While the reported data is technically public information, penetrating it is very difficult, in some measure because manufacturers often claim confidentiality for proprietary components in their chemical formulations. But the cumulative evidence to date has moved EPA to take real action on this issue, mainly to gather reports of adverse health effects from manufacturers, and to consider initial rulemaking for both consumer-applied and professionally applied SPF products.

The action plan leaves open questions about how far EPA will go to clamp down on these products, but it's safe to think of this as a shot across the bow from EPA for the SPF industry.

We don't know much about SPF offgassing

In addition to the presence of MDI in the product, the chemical reaction and curing of SPF can produce other chemicals of concern: excess isocyanates, aldehydes, amine catalysts, and other volatile organic compounds (VOCs). We don't know much about the nature and quantities of offgassing of these substances, the curing rates of SPF, or how health risks can change with improper environmental conditions or mixing ratios during the SPF process.

To that end, there is a new ASTM standard under development. John Sebrowski, a senior associate scientist with Bayer MaterialScience and chair of the task group working on this ASTM standard, is helping develop a standard practice to establish re-occupancy times after onsite SPF application. "We are currently getting ready to conduct research using micro-scale chambers and thermal desorption techniques to measure emissions," he said.

Safe re-entry times

When asked what relationship the current ASTM draft standard and research might have to the existing protocol offered by Bayer MaterialScience (which recommends re-occupancy times of 12 hours and 24 hours for workers and occupants, respectively), Sebrowski responded that the protocol would be used as a starting point, but "we are also investigating other approaches to measuring the emissions."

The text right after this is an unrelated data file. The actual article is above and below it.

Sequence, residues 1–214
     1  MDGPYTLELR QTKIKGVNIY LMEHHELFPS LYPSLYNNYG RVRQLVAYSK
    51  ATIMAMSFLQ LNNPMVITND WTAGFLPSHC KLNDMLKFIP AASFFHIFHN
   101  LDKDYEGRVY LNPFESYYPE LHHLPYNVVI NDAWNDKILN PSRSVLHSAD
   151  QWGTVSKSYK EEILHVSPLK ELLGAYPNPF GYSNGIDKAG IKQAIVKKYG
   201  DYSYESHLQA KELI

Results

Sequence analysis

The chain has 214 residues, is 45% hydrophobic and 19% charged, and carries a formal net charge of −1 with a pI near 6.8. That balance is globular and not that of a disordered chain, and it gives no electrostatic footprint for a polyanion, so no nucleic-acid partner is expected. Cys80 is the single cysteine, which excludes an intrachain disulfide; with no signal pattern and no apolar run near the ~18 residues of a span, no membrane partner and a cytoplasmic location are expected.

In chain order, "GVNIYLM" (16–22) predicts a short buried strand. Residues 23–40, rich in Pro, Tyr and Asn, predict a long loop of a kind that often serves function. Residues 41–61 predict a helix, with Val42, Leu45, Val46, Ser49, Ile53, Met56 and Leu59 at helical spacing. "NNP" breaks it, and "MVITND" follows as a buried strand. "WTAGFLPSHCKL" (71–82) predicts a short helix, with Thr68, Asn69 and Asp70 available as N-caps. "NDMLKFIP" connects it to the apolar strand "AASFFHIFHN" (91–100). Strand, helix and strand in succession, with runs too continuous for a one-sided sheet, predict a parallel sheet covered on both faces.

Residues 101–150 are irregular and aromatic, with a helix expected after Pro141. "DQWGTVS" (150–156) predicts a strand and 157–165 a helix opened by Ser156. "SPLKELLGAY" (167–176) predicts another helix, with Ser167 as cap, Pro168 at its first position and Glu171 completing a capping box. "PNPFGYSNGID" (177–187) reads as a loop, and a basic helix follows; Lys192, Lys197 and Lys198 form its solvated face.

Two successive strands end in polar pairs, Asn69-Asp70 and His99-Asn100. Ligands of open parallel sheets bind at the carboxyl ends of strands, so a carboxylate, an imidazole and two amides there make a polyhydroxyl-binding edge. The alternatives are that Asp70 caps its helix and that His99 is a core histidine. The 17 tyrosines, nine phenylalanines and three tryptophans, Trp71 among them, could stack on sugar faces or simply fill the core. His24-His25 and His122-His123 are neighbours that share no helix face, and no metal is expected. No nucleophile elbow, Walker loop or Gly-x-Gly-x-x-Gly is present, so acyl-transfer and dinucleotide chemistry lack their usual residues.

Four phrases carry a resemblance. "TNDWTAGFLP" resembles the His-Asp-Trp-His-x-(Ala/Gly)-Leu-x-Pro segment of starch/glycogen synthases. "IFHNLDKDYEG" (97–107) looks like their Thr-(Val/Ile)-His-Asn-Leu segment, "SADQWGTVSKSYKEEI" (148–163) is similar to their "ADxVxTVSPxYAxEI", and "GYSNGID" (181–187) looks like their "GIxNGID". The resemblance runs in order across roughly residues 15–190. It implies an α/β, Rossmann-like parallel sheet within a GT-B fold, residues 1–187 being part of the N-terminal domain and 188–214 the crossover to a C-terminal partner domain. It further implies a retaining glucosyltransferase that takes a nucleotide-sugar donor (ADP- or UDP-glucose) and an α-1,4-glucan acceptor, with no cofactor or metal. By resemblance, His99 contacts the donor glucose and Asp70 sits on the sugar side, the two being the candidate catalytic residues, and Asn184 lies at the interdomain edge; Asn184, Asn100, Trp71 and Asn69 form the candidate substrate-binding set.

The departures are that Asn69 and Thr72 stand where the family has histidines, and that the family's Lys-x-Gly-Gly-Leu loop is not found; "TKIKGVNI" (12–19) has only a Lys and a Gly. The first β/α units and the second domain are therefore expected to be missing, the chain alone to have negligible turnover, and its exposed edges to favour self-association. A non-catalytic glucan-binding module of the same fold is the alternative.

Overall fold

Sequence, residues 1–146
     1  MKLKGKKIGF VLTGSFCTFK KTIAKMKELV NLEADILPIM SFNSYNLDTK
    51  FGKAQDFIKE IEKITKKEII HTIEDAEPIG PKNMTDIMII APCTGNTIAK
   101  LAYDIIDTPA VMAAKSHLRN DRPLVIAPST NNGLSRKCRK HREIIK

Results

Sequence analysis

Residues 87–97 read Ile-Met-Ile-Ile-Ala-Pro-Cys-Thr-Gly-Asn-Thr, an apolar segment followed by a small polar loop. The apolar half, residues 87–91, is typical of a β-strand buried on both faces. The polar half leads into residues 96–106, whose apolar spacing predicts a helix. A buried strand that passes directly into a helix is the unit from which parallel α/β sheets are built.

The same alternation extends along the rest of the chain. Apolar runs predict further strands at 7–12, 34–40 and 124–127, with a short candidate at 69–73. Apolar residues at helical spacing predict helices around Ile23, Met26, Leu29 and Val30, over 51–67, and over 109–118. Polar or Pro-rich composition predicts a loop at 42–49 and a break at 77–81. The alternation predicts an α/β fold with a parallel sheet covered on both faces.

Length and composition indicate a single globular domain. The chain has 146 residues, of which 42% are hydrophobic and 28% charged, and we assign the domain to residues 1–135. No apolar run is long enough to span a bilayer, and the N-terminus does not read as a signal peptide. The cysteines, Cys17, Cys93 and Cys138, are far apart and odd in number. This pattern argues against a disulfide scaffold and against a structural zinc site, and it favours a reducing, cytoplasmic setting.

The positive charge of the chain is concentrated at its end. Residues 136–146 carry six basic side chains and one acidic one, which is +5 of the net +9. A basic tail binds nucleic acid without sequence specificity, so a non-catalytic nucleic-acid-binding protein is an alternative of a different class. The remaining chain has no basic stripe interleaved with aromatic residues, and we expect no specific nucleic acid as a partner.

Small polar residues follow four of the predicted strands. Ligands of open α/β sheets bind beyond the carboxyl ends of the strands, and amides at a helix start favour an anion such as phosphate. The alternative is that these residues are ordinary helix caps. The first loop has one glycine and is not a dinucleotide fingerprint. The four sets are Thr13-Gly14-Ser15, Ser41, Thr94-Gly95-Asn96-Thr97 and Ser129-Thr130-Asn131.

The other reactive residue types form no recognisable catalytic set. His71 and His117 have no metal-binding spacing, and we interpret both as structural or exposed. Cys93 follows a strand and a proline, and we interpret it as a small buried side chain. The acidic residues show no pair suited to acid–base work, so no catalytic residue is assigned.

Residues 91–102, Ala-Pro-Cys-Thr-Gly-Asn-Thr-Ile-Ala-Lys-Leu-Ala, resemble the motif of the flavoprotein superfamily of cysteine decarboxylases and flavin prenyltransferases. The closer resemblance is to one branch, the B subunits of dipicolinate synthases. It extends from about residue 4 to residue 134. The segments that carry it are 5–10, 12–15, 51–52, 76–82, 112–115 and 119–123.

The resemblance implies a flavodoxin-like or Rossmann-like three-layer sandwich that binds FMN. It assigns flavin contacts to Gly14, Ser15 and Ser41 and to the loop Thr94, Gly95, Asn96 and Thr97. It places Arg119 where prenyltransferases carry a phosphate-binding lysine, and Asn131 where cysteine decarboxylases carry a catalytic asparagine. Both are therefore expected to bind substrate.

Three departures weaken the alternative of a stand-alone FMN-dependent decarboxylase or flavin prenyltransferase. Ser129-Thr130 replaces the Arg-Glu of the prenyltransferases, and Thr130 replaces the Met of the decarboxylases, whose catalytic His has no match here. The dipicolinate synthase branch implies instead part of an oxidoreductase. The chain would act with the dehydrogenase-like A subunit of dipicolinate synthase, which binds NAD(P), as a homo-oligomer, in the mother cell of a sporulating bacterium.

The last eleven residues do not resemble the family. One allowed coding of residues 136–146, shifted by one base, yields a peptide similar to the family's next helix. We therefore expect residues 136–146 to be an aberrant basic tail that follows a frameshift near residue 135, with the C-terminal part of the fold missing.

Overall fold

According to EPA, safe re-entry times put forward by manufacturers vary between 8–24 hours for one-component SPF and 23–72 hours for two-component SPF. But more research and standardized testing is clearly needed. EPA is not working alone on this issue; several other federal agencies--including the National Institute for Occupational Safety and Health, the Occupational Safety and Health Administration, and the Consumer Product Safety Commission--are part of the team. Each is concerned about protecting workers or consumers from health effects from the increasingly prevalent site-applied SPF.

Should we stop using SPF?

spray foam insulation

Installing spray foam insulation.

"I think you have to be careful when you discuss the toxicity of spray foam," says David Price, environmental scientist in the indoor environment division of EPA's Office of Air and Radiation. "I have not seen any information at this point that there is any hazard to occupants." While Price supports EPA's decision to gather data on possible post-occupancy issues with SPF, he doesn't want the public to "find the accused guilty before you hear the case."

Price has seen some of the anecdotal evidence as well as some of the scientific findings, and says that no cause-effect relationship has yet been found between SPF installation and post-occupancy illnesses. "It's appropriate for EPA to look at this stuff; that's what we do," Price said. "But I'm very sensitive about tagging a product as 'of concern' or 'may be toxic'" before the data has been gathered and reviewed.

Environmental Building News contacted several builders and foam industry professionals, and found that most were unwilling to be quoted on an issue they deemed sensitive and still-unfolding. One leading green remodeler offered this perspective: "I have stopped using SPF in any of my projects at this point. I simply can't and won't jeopardize my clients' health and the reputation of my company by using building materials with the emissions profile of SPF."